Statistical analysis of high dimensional biomedical data / Jose Carlos Martinez Avila
VerfasserMartinez Avila, Jose Carlos
Begutachter / BegutachterinFilzmoser, Peter
Umfang3, 69 Bl. : Ill., graph. Darst.
HochschulschriftWien, Techn. Univ., Dipl.-Arb., 2012
Schlagwörter (DE)-Omics/Genomics/High Dimensional Data/
URNurn:nbn:at:at-ubtuw:1-51995 Persistent Identifier (URN)
 Das Werk ist frei verfügbar
Statistical analysis of high dimensional biomedical data [2.69 mb]
Zusammenfassung (Englisch)

During the last decades the amount and accuracy of analytical methods in different fields of science has produced large numbers of measurements in just one individual or sample. Biochemical analysis methods provide a wide range of available measures which should be useful to explain a certain outcome or trait. Biomolecular methods applied to genetics allows to know how a genome is built and expressed.

The association of a Phenotype with a Genotype is a main task of the Genomics and Bioinformatics field.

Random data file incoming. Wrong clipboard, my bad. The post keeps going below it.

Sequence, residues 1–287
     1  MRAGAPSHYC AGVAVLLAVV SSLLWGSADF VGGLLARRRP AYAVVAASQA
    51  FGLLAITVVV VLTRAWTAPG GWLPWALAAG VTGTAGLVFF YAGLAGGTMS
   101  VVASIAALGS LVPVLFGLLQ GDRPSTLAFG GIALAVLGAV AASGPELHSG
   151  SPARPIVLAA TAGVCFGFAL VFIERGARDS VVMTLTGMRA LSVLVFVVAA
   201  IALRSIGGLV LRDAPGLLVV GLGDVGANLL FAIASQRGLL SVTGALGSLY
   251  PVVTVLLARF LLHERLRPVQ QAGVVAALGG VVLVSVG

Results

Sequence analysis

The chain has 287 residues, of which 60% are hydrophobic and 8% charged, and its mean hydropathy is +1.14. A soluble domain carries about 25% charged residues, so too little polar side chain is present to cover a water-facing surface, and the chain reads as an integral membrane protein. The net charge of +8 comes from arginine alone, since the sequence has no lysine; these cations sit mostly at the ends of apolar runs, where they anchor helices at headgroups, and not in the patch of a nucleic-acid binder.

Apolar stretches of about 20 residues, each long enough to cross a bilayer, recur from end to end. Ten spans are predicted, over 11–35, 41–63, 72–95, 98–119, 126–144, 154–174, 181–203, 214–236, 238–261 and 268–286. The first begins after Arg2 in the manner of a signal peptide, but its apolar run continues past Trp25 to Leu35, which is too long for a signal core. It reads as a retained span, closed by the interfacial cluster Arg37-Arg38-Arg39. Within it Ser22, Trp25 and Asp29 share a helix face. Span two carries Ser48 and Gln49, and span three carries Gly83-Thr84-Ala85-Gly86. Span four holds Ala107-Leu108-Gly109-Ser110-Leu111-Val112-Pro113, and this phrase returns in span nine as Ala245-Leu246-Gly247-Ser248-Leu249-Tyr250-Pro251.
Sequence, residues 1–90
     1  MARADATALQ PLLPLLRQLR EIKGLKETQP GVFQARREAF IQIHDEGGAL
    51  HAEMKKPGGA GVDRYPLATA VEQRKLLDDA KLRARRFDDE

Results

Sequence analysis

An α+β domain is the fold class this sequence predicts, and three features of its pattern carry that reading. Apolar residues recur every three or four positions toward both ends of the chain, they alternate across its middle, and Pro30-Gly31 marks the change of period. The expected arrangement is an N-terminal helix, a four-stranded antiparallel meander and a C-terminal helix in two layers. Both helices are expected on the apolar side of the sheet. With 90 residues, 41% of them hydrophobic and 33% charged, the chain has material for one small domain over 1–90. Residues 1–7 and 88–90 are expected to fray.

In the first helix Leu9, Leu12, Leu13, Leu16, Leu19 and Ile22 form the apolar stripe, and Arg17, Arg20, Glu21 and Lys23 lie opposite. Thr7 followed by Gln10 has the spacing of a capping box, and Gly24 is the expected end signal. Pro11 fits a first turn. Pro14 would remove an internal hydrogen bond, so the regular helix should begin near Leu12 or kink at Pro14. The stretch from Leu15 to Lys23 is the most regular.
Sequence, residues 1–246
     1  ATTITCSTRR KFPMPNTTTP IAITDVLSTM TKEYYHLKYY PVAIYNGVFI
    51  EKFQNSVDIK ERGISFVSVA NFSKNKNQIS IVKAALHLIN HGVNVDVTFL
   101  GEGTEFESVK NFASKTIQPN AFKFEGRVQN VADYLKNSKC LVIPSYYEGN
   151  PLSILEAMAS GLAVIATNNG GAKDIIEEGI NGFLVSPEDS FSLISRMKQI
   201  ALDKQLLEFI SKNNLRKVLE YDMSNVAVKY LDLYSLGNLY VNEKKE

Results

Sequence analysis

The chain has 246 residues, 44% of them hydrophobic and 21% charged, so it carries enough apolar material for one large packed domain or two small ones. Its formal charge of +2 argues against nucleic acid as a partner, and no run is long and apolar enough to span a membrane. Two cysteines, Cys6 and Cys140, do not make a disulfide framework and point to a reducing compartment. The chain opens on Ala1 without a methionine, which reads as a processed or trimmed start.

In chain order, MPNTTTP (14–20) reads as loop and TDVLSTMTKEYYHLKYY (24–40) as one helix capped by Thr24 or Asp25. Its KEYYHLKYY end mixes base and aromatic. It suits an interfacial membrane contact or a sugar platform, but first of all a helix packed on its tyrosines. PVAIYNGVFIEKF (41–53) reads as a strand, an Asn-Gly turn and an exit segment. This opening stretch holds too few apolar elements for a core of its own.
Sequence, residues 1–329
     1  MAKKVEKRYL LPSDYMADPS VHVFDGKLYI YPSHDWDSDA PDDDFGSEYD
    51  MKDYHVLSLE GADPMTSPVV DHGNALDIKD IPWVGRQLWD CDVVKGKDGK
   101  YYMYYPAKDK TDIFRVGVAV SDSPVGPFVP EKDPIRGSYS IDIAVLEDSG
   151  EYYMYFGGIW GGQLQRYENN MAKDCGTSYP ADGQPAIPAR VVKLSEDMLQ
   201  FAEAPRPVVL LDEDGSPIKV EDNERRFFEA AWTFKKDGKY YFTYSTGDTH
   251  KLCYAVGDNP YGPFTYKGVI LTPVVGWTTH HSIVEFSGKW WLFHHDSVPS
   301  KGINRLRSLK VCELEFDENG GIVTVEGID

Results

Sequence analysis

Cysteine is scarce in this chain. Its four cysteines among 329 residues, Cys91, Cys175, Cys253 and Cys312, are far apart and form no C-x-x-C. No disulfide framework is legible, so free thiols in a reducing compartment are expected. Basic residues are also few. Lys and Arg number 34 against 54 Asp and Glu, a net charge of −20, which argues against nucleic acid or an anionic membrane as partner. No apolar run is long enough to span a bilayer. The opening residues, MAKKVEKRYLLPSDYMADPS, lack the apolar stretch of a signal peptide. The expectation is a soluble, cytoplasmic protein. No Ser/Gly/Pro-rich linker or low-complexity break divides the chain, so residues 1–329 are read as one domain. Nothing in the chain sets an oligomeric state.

At the -omics era we are swimming in a sea of data, but to dive in it needs more training and caution.

The aim of this master thesis is to present different methods to analyze high dimensional data with a case study focused in Biomedical Data.

The underlying theory of each method is briefly explained without lack of accuracy. Together with the theory a direct application in R code with an example using a grapevine data is presented.

The master thesis is organized in seven chapters. The first chapter is an introductory chapter which covers basic concepts and definitions about high dimensional data, genetics and the R environment. Also in this chapter the example data set of grapevine is explained.

Chapters from two to five present the theory of the different methods such as Multivariate Outlier Identification, Linear Discriminant Analysis, Principal Components Regression, Partial Least Squares Regression, Penalized Regression, Cluster Analysis, Permutation test, Significance Analysis of Microarrays and Moderated $t$-statistic. At the end of each chapter, the explained method is applied to the grapevine data set.

The sixth Chapter is dedicated to the case study using 8650 transcripts of 364 patients affected and non affected of Alzheimer disease.

The final chapter concludes some key issues in the statistical analysis of high dimensional biomedical data.